Americans should avoid travel to Aceh. Northern parts of the island of Sumatra, and particularly the province of Aceh, suffered severe damage following an earthquake and series of tsunami waves on December 26, 2004. While reconstruction efforts are underway, communications infrastructure, roads, medical care and tourist facilities on the western and northern coasts of Sumatra, and on coastal islands off Sumatra, were seriously damaged and have not yet been fully restored. Infrastructure on the island of Nias was seriously damaged in an earthquake on March 28, 2005. Adequate lodging facilities are difficult to find in Aceh and Nias.

Americans should not travel to Aceh to participate in humanitarian relief efforts except under the auspices of a recognized assistance organization that has permission to operate in Indonesia. The Government of Indonesia and the Free Aceh Movement (GAM) signed a peace accord on August 15, 2005, officially ending armed hostilities. However, the overall security situation in Aceh remains unsettled. Humanitarian workers should be cautious of their security when traveling in Aceh due to the continuing potential for separatist and terrorist violence, which could be directed against American or other western humanitarian assistance workers.

Americans participating in relief efforts should make sure that their organization has facilities in place to accommodate and feed staff, and a security plan coordinated with Indonesian authorities. Travel by road after dark is particularly dangerous. All travelers to Aceh should follow health precautions for travelers to the tsunami area from the U.S. Centers for Disease Control at http://www.cdc.gov/travel.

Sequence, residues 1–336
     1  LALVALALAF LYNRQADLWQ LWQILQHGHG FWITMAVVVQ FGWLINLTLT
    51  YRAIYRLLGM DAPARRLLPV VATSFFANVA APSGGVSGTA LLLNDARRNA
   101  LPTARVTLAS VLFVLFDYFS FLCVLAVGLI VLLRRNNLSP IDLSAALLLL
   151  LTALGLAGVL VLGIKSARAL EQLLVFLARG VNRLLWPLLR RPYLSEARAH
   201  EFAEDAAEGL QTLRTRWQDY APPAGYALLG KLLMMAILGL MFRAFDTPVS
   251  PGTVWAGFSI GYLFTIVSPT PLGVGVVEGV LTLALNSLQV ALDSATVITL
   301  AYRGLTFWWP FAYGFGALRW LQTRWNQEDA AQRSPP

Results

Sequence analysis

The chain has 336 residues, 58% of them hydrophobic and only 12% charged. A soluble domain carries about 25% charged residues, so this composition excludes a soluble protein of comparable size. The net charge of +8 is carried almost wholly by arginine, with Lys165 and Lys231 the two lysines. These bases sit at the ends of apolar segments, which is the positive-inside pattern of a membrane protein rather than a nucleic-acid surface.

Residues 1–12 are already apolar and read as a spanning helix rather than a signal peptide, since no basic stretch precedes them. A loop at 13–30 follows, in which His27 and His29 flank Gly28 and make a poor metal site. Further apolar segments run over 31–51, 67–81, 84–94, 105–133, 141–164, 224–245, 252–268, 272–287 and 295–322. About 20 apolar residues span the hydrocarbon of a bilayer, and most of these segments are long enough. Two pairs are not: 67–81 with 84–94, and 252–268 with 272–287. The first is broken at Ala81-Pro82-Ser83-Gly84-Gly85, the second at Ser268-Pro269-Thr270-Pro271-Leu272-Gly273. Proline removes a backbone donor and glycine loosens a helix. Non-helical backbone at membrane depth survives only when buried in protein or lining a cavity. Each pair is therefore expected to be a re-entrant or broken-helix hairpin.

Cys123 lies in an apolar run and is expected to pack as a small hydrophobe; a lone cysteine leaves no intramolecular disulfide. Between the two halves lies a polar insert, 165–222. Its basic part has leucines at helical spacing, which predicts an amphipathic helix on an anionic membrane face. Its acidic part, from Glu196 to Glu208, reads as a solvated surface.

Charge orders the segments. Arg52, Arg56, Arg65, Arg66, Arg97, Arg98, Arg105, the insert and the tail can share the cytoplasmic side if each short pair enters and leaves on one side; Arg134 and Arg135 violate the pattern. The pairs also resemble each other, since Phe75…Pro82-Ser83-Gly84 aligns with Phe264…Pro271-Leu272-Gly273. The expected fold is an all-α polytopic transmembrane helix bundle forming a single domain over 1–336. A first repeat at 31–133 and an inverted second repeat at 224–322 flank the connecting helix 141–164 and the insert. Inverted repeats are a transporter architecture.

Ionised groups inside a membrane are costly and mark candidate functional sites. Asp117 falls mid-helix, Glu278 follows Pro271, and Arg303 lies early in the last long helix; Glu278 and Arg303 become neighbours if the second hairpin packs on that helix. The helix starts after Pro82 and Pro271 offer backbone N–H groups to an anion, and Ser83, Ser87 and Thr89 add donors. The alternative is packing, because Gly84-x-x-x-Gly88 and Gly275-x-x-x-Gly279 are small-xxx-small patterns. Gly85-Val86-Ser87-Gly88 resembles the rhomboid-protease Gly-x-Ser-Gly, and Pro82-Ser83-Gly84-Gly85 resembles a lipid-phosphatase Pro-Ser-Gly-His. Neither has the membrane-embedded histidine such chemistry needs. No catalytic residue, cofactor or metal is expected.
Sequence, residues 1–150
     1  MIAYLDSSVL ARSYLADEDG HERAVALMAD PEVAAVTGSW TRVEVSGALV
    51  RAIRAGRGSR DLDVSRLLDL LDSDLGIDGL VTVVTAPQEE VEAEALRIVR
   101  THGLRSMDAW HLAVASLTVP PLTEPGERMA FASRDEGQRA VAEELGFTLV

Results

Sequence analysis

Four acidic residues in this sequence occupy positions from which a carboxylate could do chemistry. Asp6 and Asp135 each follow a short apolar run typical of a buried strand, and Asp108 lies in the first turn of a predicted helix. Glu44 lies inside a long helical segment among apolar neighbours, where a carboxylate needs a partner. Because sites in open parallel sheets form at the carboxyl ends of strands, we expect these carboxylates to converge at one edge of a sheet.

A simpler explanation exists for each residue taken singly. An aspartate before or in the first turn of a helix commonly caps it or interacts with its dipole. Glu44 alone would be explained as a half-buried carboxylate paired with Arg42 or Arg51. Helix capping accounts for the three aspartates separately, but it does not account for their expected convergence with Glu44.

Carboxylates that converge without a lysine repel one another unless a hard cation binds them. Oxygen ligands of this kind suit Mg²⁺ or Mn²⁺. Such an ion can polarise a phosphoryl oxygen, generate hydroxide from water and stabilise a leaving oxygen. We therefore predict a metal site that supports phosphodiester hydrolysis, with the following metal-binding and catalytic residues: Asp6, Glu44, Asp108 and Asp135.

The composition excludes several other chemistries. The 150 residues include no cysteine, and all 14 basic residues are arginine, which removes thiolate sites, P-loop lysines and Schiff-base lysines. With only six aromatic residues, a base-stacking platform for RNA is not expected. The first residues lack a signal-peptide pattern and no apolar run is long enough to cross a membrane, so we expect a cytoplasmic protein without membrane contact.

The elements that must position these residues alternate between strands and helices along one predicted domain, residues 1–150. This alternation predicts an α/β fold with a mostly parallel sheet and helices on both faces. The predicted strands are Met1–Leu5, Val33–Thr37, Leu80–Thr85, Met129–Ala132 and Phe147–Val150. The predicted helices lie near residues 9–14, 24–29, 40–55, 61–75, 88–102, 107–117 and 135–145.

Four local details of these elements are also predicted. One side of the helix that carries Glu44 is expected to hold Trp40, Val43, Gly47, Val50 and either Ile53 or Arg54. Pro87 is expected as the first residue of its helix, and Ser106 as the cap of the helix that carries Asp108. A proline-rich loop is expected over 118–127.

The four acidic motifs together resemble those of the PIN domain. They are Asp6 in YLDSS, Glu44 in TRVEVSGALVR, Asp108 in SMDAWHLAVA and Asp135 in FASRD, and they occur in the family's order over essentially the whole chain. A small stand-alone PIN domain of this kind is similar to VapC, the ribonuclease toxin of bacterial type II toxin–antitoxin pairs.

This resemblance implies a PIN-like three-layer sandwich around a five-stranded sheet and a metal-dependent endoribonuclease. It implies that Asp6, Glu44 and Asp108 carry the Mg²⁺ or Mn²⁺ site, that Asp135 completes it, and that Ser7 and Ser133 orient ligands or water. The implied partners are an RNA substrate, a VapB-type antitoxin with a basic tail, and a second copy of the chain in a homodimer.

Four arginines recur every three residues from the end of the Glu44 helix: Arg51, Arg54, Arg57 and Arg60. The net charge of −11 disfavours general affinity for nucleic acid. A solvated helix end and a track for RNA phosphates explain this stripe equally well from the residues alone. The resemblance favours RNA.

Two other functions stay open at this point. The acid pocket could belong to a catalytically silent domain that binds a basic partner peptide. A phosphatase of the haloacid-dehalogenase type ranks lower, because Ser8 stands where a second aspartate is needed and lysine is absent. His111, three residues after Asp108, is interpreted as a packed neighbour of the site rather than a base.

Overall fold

Americans considering travel to the province of Papua should exercise extreme caution because of sectarian, ethnic, communal and separatist strife. Papua's on-going separatist conflict has the potential to become violent. In August 2002, two Americans were killed in Papua under as yet unresolved circumstances.

Americans should avoid travel to Maluku, in particular the capital city of Ambon. Since April 25, 2004, sectarian violence has killed at least 40 and injured more than 220 people.

Americans should avoid travel to Central, South and Southeast Sulawesi; those considering travel to North Sulawesi should exercise extreme caution. Sporadic violence occurred in Poso and in neighboring areas of Central Sulawesi in 2003 and 2004, resulting in several fatalities. Central Sulawesi's general security situation remains unstable; bombings and killings occurred in late 2004 and 2005 in Poso and Palu. A terrorist explosion at Tentana Market in Poso, Central Sulawesi on May 28, 2005 killed 22 people.

The Philippine-based terrorist Abu Sayyaf Group poses an ongoing kidnapping risk/threat in areas near Malaysia and the Philippines.

Americans who travel to Indonesia despite this Travel Warning should obtain up to date health information before departing the U.S. The websites of the U.S. Centers for Disease Control at http://www.cdc.gov/travel and the World Health Organization at http://www.who.int have up to date information on outbreaks of contagious and tropical diseases. Americans considering travel to Indonesia should read the Department of State's Fact Sheet on Avian Influenza dated August 3, 2005, and should consult with their personal physicians concerning avian flu.

Americans living and traveling in Indonesia are urged to register and update their contact information with U.S. Embassy Jakarta, U.S. Consulate General Surabaya or the U.S. Consular Agent in Bali. Registration facilitates the U.S. Mission's contact with Americans in emergency situations, and may be done on line and in advance of travel. Information on registering can be found at the Department of State's Consular Affairs website: https://travelregistration.state.gov. Registration information and recent warden messages are also available on the U.S. Embassy Jakarta website at http://jakarta.usembassy.gov.